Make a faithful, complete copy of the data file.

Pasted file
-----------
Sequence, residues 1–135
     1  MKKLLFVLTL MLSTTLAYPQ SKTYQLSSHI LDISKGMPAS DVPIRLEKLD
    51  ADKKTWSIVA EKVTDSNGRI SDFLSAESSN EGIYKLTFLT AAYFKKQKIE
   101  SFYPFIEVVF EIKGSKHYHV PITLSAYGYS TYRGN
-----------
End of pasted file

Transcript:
Sequence, residues 1–135
     1  MKKLLFVLTL MLSTTLAYPQ SKTYQLSSHI LDISKGMPAS DVPIRLEKLD
    51  ADKKTWSIVA EKVTDSNGRI SDFLSAESSN EGIYKLTFLT AAYFKKQKIE
   101  SFYPFIEVVF EIKGSKHYHV PITLSAYGYS TYRGN